The Human Rights Law Centre has urged Prime Minister Malcolm Turnbull to use his PNG trip – which comes at a critical juncture in Australia’s bid for a seat on the UN Human Rights Council - to make arrangements for refugees and people seeking asylum languishing on Manus Island to be immediately evacuated to safety.
Human Rights Law Centre Director of Legal Advocacy, Daniel Webb, said that it was now more than a year since PNG Prime Minister Peter O’Neill said the Manus camp was a “problem” which needed to close, and more than 6 months since Immigration Minister Peter Dutton conceded plans were being made for the camp’s closure. However, 900 men still languish in limbo.
“These men have been locked in limbo for almost four years. Some have immediate family already living in the community in Australia. The PNG government clearly wants the Manus camp closed and our government has said they’ll make that happen. Turnbull must start making some compassionate exceptions and bringing some of the men to Australia,” said Mr Webb.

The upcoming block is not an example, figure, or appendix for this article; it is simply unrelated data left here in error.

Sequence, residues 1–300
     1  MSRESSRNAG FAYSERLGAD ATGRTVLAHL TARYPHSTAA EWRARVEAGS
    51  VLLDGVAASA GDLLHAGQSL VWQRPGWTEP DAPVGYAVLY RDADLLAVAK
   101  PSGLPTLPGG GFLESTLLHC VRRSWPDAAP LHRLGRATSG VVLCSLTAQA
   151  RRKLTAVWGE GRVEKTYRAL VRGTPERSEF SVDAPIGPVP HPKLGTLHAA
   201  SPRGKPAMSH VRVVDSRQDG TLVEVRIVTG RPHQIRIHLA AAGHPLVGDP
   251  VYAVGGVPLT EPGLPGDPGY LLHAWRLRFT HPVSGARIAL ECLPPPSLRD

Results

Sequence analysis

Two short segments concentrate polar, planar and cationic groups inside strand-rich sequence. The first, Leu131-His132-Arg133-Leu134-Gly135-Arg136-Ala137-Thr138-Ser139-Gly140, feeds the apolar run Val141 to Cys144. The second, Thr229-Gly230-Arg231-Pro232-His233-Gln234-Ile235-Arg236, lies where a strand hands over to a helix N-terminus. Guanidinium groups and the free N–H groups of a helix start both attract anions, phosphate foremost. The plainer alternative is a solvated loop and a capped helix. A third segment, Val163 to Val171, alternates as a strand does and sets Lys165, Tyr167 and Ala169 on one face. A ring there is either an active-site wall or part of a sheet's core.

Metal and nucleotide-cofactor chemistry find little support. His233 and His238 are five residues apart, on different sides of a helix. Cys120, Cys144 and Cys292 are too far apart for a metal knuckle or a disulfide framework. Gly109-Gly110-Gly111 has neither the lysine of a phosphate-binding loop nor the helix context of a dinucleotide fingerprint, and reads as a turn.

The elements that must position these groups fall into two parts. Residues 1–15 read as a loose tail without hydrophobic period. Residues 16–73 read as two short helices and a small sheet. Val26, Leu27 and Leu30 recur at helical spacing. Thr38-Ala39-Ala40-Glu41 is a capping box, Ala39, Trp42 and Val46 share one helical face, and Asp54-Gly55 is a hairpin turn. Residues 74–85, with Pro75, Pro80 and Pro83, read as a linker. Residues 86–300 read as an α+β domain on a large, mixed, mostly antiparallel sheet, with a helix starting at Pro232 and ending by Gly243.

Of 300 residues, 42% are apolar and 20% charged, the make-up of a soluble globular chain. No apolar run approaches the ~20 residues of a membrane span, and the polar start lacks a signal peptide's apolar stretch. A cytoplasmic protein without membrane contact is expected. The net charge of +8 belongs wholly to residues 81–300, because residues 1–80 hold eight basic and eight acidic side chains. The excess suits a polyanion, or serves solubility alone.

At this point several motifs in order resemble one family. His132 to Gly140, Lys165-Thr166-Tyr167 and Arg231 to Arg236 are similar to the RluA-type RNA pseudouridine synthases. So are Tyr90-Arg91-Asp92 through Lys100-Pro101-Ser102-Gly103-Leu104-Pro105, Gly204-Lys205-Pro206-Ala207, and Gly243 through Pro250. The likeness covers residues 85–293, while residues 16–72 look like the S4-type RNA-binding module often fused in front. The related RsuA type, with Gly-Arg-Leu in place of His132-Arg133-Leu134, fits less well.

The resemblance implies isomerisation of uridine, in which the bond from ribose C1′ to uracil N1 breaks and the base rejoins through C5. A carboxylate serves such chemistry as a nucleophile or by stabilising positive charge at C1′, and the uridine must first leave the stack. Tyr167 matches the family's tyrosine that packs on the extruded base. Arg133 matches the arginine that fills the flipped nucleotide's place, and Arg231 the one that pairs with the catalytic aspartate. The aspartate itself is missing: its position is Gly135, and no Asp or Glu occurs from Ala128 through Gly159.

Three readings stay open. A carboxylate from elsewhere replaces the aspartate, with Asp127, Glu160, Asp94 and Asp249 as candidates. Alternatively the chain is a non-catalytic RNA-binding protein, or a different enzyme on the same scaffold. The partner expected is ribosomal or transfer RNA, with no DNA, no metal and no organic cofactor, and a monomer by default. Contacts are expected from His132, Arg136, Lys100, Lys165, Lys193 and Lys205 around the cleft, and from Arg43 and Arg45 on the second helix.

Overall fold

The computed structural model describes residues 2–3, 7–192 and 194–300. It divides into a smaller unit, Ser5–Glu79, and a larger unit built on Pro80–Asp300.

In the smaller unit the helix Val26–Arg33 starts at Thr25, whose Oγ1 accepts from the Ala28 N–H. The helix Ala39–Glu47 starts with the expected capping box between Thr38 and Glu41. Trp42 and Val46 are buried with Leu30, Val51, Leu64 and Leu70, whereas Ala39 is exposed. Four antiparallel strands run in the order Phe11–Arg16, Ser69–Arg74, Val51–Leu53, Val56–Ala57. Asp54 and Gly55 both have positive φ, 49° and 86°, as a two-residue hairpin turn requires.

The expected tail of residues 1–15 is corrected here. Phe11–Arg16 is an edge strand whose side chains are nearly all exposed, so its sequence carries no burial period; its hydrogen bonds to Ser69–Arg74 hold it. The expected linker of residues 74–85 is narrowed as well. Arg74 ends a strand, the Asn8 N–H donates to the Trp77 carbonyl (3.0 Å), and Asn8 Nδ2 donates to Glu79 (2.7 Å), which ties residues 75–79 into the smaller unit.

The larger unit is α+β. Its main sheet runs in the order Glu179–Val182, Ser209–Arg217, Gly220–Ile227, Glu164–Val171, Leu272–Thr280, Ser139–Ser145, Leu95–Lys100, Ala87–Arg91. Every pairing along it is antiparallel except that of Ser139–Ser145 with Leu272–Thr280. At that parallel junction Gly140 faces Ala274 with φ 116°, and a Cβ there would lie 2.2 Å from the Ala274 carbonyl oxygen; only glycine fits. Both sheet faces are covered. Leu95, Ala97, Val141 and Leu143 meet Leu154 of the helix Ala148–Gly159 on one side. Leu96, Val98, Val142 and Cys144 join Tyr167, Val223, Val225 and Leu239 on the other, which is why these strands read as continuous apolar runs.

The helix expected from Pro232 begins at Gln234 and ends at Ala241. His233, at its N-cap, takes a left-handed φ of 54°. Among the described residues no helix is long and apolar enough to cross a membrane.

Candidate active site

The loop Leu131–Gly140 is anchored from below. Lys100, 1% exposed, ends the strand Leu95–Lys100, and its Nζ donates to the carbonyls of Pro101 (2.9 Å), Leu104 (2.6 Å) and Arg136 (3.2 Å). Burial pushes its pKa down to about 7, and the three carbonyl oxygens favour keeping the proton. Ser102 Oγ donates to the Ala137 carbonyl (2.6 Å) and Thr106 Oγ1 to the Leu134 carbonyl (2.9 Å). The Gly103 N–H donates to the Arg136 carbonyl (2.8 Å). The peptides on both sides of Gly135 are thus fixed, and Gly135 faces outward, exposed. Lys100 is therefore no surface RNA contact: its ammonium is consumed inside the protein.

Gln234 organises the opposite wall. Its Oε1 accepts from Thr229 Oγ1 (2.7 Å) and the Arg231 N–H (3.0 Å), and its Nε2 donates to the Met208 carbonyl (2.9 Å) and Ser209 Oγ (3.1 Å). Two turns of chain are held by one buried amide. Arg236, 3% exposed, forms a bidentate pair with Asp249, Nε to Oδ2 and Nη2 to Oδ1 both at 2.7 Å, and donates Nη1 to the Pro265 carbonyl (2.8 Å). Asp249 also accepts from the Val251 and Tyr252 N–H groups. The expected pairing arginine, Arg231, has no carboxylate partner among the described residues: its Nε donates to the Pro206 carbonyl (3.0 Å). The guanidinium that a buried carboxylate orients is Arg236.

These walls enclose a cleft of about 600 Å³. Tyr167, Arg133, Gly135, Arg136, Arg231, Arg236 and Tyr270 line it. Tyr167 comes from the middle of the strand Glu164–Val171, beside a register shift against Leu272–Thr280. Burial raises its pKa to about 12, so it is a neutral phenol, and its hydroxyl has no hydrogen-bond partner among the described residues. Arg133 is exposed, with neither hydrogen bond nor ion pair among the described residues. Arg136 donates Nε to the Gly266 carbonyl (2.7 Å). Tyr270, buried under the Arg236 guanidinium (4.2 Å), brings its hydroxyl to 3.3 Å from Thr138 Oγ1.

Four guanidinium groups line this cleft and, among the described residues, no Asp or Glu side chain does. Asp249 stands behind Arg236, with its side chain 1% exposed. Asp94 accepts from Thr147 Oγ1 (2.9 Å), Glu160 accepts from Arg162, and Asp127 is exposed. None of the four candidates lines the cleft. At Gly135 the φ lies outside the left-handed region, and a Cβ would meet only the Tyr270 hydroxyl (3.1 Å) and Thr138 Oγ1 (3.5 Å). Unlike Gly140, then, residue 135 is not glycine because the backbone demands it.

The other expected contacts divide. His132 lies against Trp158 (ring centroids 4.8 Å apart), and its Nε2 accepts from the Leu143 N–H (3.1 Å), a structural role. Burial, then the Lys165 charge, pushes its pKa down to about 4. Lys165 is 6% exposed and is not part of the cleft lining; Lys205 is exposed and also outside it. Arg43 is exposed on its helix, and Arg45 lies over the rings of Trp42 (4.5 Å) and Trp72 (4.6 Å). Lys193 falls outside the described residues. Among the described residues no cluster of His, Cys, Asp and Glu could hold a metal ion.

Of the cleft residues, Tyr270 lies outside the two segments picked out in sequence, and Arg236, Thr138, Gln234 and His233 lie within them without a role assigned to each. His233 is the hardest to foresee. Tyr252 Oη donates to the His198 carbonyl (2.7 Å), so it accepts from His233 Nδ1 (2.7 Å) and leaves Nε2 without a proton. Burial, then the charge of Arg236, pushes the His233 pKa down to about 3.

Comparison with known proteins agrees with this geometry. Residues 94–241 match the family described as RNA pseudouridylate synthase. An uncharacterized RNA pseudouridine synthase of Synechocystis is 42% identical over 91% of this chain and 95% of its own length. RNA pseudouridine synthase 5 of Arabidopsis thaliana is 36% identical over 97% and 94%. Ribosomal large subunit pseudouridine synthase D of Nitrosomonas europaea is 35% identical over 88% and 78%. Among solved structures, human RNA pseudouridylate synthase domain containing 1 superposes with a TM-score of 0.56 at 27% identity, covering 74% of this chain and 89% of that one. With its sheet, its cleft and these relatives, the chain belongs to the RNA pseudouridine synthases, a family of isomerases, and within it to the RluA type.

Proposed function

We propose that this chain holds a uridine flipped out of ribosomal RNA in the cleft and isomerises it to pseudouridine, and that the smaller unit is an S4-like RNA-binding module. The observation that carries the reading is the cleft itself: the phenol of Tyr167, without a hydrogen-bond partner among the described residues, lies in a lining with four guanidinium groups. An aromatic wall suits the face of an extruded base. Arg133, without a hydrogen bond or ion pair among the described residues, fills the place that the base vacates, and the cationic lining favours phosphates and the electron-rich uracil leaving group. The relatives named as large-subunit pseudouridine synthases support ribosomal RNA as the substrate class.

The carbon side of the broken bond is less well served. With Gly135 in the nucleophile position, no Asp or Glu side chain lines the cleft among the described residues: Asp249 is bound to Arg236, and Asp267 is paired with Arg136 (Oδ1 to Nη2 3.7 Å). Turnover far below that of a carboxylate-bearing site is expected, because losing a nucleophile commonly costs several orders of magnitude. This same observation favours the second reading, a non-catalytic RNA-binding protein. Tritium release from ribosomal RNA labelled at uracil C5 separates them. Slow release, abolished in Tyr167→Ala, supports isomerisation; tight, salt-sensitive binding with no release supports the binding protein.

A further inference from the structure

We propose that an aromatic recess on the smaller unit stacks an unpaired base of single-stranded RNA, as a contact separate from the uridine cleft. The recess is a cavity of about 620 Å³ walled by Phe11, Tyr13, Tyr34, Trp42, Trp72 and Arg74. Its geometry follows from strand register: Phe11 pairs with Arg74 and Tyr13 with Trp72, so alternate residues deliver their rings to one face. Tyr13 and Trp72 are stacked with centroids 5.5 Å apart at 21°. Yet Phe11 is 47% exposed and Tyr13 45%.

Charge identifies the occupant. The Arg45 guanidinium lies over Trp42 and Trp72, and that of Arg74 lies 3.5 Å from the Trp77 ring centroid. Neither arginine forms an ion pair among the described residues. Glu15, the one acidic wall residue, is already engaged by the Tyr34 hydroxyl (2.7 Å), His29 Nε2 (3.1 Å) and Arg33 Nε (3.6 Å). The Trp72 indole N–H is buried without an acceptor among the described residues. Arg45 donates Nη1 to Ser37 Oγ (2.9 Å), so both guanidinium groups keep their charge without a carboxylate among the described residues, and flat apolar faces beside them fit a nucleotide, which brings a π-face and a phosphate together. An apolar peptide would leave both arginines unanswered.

Mr Webb said the US deal was not going to be enough to ensure safety for all.
“There’s still huge uncertainty around the US deal – no numbers, no timeframes and no sensible basis on which we can have any trust or confidence in Trump. At best the US deal is a start but it’s clearly not going to be enough,” said Mr Webb.
Turnbull’s visit comes as Australia’s bid for a seat on the Human Rights Council heats up. Australia is running for Australia is a candidate for a seat on the 47-member Council for the term 2018-2020, with a vote in the General Assembly scheduled for October 2017.
HRLC Director of Legal Advocacy, Emily Howie, said the ongoing cruelty to refugees and people seeking asylum on Papua New Guinea’s Manus Island casts a long shadow over Australia’s bid.
“Unfortunately, Australia has spent much of its political capital in the region on its one-eyed obsession with stopping boats. Australia is promising the world that it will be a principled defender of human rights internationally, but in fact its cruel offshore detention regime flouts international law and causes immense suffering. It’s a stain on Australia’s leadership credentials” said Ms Howie.
“Australia is failing the true test of leadership and leaving itself wide open to criticism that it will tell other states what to do but won’t adhere to the same standards at home. The Human Rights Council bid is the biggest attempt for a UN position since the Security Council. If Australia is serious about being a human rights leader it needs to act like one and do the right thing, and it must act now.”
For further comments please contact:
Tom Clarke, Director of Communications, Human Rights Law Centre, 0422 545 763
Photo: Matthew Abbott